Monday, 13 November 2017
Readings, hymns and
sermon ideas for
Sunday 19 November 2017
Sunday next, 19 November 2017, is the Second Sunday before Advent (Proper 28). The readings provided in the Revised Common Lectionary and set out in the Church of Ireland Directory, for next Sunday are:
Judges 4: 1-7; Psalm 123; I Thessalonians 5: 1-11; Matthew 25: 14-30.
Whichever readings you decided to emphasise in your sermon or in your choice of hymns, you may constantly ask how to make connections with the different readings each Sunday. You may decide, for example, to preach on the Gospel reading. But it may be one of the other readings that has caught the imagination of the people you need to reach. Making connections helps to bring people on the journey with you.
So, these notes include ideas for the readings for the Second Sunday before Advent, including the Gospel reading.
As we move towards Advent, we are encouraged to look for the signs that Christ is coming as king.
What is your vision for the Kingdom of God, and how might you point people to this through these readings?
Judges 4: 1-7
Joshua, the successor of Moses, is dead, and Israel is now under the influence of 12 successive judges, charismatic leaders raised up at times of national crisis by the spirit of God, to deliver God’s people from pagan oppressors.
The Book of Judges honestly admits that Israel does not control all of Canaan, because the people ‘did what was evil in the sight of the Lord’ (see verses 1, 3: 12, and elsewhere). They were subjugated by other peoples from time to time. Conquest was a gradual process, with many reverses.
The preceding passage (Judge 3: 12-30) tells the story of Ehud (4: 1), a judge who put an end to domination by the Moabites, the people who lived to the south-east of the Dead Sea. He carried the tribute to Eglon, King of Moab, tricked Eglon into seeing him in private to hear a secret message from God, then took his hidden sword and killed Eglon. Without a leader, the Moabites were in confusion. Ehud was then able to lead the Israelites to victory over the Moabites.
Once again, the Israelites disobey God, and so are subjugated, this time by Jabin, a king who rules at Hazor, north of the Sea of Galilee. Sisera is his chariot commander. The forces of Jabin are awesome, especially because the Israelites, lacking chariots, are no match for his army on level ground.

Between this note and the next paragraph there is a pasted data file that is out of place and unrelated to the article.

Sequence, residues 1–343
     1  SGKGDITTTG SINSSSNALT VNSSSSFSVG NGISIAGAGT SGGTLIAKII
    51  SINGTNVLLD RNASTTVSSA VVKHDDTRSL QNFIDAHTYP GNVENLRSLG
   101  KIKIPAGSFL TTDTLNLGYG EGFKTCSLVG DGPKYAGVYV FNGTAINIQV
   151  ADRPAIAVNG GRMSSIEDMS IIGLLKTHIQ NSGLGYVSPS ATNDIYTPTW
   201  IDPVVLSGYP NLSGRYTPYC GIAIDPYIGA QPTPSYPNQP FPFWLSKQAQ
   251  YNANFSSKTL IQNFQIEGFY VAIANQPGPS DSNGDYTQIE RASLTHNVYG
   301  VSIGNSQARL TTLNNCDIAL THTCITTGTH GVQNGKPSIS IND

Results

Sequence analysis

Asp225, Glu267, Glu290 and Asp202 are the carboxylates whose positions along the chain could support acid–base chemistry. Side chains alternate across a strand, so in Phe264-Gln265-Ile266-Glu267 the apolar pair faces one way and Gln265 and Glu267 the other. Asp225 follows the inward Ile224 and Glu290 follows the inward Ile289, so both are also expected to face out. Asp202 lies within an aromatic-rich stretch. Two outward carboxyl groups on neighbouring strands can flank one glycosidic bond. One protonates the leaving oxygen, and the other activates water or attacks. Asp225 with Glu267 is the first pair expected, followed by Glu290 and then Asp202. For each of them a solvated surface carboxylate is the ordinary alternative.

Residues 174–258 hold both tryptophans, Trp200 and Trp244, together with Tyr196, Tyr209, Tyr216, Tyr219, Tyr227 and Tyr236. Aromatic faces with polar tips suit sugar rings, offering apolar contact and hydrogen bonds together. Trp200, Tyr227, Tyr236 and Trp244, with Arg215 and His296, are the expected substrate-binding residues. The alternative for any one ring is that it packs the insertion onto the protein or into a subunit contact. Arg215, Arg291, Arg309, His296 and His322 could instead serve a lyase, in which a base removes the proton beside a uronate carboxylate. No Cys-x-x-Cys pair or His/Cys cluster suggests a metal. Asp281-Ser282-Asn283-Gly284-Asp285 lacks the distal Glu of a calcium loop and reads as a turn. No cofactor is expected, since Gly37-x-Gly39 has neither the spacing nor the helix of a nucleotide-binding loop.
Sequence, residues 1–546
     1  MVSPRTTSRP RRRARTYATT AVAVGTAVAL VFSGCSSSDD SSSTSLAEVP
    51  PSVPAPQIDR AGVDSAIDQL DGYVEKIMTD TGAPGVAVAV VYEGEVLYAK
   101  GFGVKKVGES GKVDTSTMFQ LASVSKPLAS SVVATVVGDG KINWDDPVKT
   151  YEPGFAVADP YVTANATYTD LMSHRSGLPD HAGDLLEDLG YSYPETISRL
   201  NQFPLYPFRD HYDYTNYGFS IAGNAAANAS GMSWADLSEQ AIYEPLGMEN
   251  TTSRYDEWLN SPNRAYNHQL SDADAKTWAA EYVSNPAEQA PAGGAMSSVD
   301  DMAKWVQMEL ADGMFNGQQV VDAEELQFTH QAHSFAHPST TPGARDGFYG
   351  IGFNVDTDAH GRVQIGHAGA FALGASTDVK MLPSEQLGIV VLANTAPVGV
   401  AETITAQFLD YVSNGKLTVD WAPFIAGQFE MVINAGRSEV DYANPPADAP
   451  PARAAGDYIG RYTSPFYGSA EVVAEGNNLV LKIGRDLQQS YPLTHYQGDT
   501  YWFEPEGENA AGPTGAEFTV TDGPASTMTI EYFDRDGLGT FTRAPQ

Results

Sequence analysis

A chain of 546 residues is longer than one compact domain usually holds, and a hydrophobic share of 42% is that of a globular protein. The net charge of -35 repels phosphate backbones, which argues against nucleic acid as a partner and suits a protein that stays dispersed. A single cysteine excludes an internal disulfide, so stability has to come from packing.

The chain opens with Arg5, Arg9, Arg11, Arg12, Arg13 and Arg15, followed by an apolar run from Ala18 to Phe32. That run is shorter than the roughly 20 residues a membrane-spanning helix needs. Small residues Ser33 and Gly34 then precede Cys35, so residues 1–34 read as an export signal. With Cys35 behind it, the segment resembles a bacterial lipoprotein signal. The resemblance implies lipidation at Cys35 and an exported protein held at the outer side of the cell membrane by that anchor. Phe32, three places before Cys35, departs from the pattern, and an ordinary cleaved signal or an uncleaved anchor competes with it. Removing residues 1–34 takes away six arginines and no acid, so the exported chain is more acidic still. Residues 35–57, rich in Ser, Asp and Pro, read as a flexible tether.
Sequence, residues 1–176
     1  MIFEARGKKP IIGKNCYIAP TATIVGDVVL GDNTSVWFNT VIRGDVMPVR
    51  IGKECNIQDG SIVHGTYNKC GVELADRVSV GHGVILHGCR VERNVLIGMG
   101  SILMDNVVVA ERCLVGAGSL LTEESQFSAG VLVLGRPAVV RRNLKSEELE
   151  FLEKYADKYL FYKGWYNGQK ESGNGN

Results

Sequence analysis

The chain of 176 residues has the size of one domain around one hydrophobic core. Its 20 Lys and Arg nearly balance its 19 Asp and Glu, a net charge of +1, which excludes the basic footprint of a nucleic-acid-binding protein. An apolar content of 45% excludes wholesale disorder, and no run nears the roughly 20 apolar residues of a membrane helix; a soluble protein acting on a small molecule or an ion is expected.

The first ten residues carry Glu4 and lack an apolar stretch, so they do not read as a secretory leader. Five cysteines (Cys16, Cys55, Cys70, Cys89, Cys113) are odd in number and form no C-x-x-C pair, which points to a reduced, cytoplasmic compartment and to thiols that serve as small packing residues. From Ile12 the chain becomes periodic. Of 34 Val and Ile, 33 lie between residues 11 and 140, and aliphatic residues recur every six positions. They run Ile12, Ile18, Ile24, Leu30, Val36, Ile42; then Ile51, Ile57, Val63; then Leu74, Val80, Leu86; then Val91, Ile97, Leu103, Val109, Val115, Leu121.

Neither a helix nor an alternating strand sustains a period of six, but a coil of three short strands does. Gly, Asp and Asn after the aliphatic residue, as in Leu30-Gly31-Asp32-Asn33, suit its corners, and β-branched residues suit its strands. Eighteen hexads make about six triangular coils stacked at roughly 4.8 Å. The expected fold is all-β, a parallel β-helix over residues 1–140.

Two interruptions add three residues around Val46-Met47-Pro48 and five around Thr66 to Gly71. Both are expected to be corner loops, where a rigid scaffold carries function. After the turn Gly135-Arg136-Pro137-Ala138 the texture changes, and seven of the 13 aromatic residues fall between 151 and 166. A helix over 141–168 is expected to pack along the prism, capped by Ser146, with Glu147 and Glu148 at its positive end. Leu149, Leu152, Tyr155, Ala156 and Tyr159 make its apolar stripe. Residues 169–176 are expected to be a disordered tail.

Deborah, the fourth of the judges, is the only woman in scripture to be a judge and is different from the other judges. She acts as God’s spokeswoman in matters of national importance and in disputes, but leaves the military leadership to Barak. She orders Barak, in God’s name, to assemble troops drawn from northern tribes on Mount Tabor.
There, God will draw out the enemy, and will give Israel victory. The following verses describe the battle. Due to a heavy rainstorm or to the Kishon River breaking its banks, Sisera’s chariots are stuck in the mud, and his troops panic. Sisera and all his troops are killed. Israel is once again free.
There are three issues here:
1, First, Israel is being punished for evil, expressed in worshipping false gods.
2, Second, there are some notable depictions in the Bible of women who are prophets: Miriam, sister of Moses (Exodus 15: 20); Huldah, who authenticates the rediscovery of the Torah (II Kings 22: 14-20) and in Joel 2: 28 and Acts 21: 8-9. But Deborah is unique in that she is the only female judge in scripture.
3, Third, Sisera had a commanding military advantage over the Israelites with his 900 chariots of iron. Iron was not available to the Israelites at that time. Yet, the prophecy is that Barak will be victorious. A week after Remembrance Sunday, we might look back on how we marked that day and remind ourselves that is not physical strength of armies or weapons that will carry the day, but the power of the Lord.
Trusting in the Lord for deliverance is an important theme of scripture.
Is all of our faith being placed in Christ?
Or are we guilty of portioning out to some false gods?